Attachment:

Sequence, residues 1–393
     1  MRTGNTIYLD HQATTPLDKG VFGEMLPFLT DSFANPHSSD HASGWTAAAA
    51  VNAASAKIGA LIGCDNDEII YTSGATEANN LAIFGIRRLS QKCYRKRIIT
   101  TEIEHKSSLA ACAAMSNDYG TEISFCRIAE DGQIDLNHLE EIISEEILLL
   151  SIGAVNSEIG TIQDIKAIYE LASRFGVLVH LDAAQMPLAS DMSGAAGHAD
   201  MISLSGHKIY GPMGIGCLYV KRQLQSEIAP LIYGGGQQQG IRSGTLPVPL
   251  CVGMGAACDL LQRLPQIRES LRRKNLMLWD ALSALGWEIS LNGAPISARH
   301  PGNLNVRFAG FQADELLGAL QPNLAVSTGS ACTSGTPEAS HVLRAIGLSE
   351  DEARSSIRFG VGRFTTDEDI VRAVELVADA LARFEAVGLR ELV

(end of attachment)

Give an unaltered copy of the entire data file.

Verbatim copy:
Sequence, residues 1–393
     1  MRTGNTIYLD HQATTPLDKG VFGEMLPFLT DSFANPHSSD HASGWTAAAA
    51  VNAASAKIGA LIGCDNDEII YTSGATEANN LAIFGIRRLS QKCYRKRIIT
   101  TEIEHKSSLA ACAAMSNDYG TEISFCRIAE DGQIDLNHLE EIISEEILLL
   151  SIGAVNSEIG TIQDIKAIYE LASRFGVLVH LDAAQMPLAS DMSGAAGHAD
   201  MISLSGHKIY GPMGIGCLYV KRQLQSEIAP LIYGGGQQQG IRSGTLPVPL
   251  CVGMGAACDL LQRLPQIRES LRRKNLMLWD ALSALGWEIS LNGAPISARH
   301  PGNLNVRFAG FQADELLGAL QPNLAVSTGS ACTSGTPEAS HVLRAIGLSE
   351  DEARSSIRFG VGRFTTDEDI VRAVELVADA LARFEAVGLR ELV